Like the rest of the game the presentation in Star Wars: Republic Commando is similarly polished and enjoyable. While the in-game graphics obviously do not stand up in terms of polygon count and are definitely not as shiny as modern PC/Xbox 360 players have come to expect, it makes up for this fact in shear stylish good looks in both gameplay and cutscenes. In the gameplay it is obvious that attention to detail has been put into the presentation; In addition to the stylish good looks we also see a range of motion from the characters. With multiple death animations for all characters and with some characters jumping, and even flying, all over the place and grappling with you and your squad all the while looking realistic. But when you are talking about presentation the cinematics are were it is at, and what really makes the cinematics shine is the shear scale of many of them. You start of the game as a baby woken up for the first time by your creators. You then see yourself progress to adulthood, constantly learning and training. One of the more interesting cinematics comes right finishing your training; The war is about to start and the Clone army is on the move, so a massive movement of troops is underway with transports landing and being boarded with fresh troops headed for Geonosis.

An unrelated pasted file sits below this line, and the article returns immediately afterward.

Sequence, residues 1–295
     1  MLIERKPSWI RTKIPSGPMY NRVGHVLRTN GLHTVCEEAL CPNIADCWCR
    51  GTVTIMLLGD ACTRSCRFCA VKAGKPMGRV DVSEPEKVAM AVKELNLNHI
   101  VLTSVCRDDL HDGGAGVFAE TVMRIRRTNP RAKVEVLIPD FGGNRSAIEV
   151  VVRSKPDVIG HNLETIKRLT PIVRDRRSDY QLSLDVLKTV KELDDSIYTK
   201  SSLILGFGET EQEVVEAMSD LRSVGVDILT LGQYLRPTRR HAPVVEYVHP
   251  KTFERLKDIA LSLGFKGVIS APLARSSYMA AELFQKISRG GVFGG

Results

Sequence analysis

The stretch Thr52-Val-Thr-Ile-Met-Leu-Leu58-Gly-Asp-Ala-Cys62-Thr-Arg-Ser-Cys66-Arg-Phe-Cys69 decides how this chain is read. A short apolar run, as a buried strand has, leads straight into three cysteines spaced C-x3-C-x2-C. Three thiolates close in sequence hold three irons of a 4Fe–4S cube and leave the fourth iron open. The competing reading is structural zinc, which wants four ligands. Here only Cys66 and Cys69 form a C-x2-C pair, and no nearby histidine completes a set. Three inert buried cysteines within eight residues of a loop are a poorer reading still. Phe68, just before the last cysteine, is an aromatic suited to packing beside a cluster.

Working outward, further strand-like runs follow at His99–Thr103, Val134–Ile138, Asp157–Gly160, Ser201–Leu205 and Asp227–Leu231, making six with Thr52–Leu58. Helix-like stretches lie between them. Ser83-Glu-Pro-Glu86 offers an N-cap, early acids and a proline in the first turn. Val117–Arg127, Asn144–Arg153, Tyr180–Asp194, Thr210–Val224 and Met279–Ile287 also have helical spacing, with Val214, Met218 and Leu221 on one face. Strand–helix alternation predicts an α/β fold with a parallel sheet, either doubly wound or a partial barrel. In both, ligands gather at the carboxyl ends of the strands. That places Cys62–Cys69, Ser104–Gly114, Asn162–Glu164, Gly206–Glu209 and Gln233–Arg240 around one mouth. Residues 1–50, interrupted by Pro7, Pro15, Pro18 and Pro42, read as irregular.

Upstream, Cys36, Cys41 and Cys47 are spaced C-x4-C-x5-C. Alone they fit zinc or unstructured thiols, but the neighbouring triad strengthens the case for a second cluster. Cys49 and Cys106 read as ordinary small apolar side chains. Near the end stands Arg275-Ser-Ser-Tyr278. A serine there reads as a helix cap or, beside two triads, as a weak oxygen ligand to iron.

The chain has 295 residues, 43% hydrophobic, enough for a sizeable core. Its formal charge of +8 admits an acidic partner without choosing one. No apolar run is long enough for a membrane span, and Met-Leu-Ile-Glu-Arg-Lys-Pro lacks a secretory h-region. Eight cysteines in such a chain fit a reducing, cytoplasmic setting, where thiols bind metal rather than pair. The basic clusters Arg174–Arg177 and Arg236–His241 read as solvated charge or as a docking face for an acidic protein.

Associated Blogs:

CaptainD's PC Gaming Blog
Jonathon Wisnoski - Game Reviewer and Commentator

Monday, 7 February 2011

Games featured so far...

62 games across 9 different systems


Associated Blogs:

CaptainD's PC Gaming Blog
Jonathon Wisnoski - Game Reviewer and Commentator

Stranger's Wrath - Xbox

Stranger's Wrath is a 2005 Xbox exclusive action adventure game. It has recently been ported/remade for the PC and PlayStation 3, and is the last game set in the Oddworld universe; This Oddworld universe is a place conceived by the development team Oddworld Inhabitants, and characterized by the consistent use of humour throughout, but with the serious overarching theme of depicting the evils of modern capitalism, industrialization, consumerism, and corporations. For more information about the Oddworld universe, or the games set within it, check out my article on the subject.